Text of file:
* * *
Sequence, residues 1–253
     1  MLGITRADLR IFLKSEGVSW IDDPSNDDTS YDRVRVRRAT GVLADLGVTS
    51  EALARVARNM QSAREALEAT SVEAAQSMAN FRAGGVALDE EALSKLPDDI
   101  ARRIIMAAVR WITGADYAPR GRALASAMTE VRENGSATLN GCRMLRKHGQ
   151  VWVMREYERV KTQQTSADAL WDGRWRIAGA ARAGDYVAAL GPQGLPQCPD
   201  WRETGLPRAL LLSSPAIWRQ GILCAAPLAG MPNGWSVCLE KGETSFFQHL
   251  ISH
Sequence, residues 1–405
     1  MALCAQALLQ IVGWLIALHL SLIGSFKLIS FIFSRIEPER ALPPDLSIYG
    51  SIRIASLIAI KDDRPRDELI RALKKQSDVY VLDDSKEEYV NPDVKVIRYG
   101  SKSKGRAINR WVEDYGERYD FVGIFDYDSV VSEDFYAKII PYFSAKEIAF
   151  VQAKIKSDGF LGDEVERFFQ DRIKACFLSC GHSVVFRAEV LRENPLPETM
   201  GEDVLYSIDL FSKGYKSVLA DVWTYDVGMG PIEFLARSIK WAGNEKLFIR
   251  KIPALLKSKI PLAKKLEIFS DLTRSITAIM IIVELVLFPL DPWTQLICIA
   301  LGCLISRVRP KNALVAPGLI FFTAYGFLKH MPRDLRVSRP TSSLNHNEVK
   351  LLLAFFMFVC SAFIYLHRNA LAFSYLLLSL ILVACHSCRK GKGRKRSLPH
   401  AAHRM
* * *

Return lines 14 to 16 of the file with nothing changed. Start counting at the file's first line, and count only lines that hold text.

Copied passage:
   251  KIPALLKSKI PLAKKLEIFS DLTRSITAIM IIVELVLFPL DPWTQLICIA
   301  LGCLISRVRP KNALVAPGLI FFTAYGFLKH MPRDLRVSRP TSSLNHNEVK
   351  LLLAFFMFVC SAFIYLHRNA LAFSYLLLSL ILVACHSCRK GKGRKRSLPH